Energy suppliers could have to return an average of £65 to households under proposals to limit the amount of customer credit they can hold.
Ofgem is consulting on plans to ensure firms do not hold on to any more of their customers’ money than is absolutely necessary after finding that as much as £1.4 billion was held in surplus credit balances in October 2018.
Customers who pay by fixed direct debit pay the same amount each month based on their estimated consumption.
They typically build up a credit balance during the summer when their energy use is lower and then draw down on this credit during winter.
Suppliers should set the payments so that customers’ credit balance returns to £0 each year on the anniversary of when they started the payments.
However, many customers who pay by fixed direct debit are overpaying, resulting in surplus credit balances.
Ofgem said it was concerned that some suppliers could use the surplus credit to fund otherwise unsustainable business practices.
Under the “auto-refund” policy, suppliers would have to refund any credit balances for domestic customers paying by fixed direct debit above £0 each year on the anniversary of when they started their contract.
Ofgem chief executive Jonathan Brearley said: “These new proposals would ensure that suppliers are not holding onto more of customers’ money than absolutely necessary, potentially returning millions of pounds of customers’ money.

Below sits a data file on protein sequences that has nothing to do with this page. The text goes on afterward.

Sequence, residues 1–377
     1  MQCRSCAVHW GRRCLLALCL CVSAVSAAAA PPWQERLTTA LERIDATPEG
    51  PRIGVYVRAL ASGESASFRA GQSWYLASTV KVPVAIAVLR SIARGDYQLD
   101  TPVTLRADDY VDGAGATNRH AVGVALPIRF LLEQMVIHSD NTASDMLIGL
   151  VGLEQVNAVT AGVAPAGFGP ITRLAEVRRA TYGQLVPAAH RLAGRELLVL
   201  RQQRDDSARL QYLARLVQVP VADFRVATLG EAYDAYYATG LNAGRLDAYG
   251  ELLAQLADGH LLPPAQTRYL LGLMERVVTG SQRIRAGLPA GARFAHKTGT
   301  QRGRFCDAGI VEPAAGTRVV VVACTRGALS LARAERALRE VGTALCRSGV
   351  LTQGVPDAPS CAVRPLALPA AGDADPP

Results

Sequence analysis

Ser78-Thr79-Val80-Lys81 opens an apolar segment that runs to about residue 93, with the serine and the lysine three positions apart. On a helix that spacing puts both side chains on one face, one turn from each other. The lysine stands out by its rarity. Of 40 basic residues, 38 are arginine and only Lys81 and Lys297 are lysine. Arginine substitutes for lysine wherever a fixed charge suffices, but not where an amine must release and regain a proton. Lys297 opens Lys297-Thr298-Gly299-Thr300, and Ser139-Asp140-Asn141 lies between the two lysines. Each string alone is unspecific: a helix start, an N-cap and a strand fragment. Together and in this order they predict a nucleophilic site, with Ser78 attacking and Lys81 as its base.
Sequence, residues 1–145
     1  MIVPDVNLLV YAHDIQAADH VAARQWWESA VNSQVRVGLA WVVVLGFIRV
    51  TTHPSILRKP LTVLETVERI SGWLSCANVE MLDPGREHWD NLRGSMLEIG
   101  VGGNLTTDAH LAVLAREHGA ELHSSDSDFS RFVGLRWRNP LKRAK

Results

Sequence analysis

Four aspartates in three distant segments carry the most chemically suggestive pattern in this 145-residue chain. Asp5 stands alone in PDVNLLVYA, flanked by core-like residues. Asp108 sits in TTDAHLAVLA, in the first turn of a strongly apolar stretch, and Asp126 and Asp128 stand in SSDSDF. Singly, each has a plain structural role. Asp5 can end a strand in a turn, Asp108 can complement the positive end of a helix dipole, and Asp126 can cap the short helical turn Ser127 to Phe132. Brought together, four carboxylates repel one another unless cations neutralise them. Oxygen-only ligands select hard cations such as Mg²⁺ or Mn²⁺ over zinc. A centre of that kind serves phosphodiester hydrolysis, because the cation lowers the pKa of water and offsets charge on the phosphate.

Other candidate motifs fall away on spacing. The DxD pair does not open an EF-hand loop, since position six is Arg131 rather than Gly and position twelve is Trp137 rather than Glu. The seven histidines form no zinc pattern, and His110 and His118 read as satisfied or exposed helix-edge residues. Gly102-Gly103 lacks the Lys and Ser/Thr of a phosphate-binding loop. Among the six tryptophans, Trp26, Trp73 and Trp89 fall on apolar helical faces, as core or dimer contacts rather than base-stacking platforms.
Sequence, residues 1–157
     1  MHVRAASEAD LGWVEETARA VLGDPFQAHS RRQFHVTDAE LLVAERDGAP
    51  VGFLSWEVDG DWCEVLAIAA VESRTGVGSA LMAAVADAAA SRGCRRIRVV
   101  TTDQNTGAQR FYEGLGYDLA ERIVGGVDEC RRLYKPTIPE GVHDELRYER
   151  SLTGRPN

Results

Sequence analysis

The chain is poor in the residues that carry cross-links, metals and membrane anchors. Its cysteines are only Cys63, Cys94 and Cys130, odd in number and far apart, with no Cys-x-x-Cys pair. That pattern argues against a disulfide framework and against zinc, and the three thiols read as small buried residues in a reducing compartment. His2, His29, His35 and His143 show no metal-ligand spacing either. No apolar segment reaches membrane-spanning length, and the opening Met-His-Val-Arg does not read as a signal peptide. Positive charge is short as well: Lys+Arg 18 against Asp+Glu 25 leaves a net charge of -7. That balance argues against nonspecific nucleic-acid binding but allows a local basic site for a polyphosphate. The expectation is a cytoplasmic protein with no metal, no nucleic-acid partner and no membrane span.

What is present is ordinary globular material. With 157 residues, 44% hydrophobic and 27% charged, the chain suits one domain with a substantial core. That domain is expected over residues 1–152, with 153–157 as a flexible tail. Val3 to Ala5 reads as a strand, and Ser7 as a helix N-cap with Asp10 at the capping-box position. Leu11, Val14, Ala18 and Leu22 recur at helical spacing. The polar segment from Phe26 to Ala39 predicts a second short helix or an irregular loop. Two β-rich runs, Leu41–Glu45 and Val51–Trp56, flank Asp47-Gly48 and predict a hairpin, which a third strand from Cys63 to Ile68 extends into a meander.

“This is an important step in making the retail energy market fairer for consumers at a time when many are facing financial hardship.”
The “auto-refund” proposal would stop surplus credit balances growing year on year but would not stop suppliers building up surplus credit balances during the year.
To address this risk, Ofgem is also proposing to introduce a credit balance threshold for all domestic suppliers.
The proposals would also reduce the amount of credit balances held when a supplier fails, reducing the cost to the market and ultimately consumers of covering these additional costs.
If confirmed, the proposals would be rolled out from 2022.
An Energy UK spokesman said: “Some suppliers already refund credit balances automatically so we now need to look in detail at Ofgem’s proposals.
“We look forward to working with them and our members to find an industry-wide best practice approach that supports customers and works for suppliers.”
Ed Dodman, director of regulatory affairs at the Energy Ombudsman, said the complaints handling body received more than 1,000 complaints about credit balance refunds in 2020 alone.
He said: “Just as people are expected to pay their energy bills on time, we think it’s fair to expect energy suppliers to do the same with refunds.
“We know from looking at complaints that suppliers can sometimes take too long to issue refunds, which can be stressful for consumers.
“We think Ofgem’s proposals will help to tackle the problem, setting clear expectations of suppliers and making sure consumers are treated fairly.”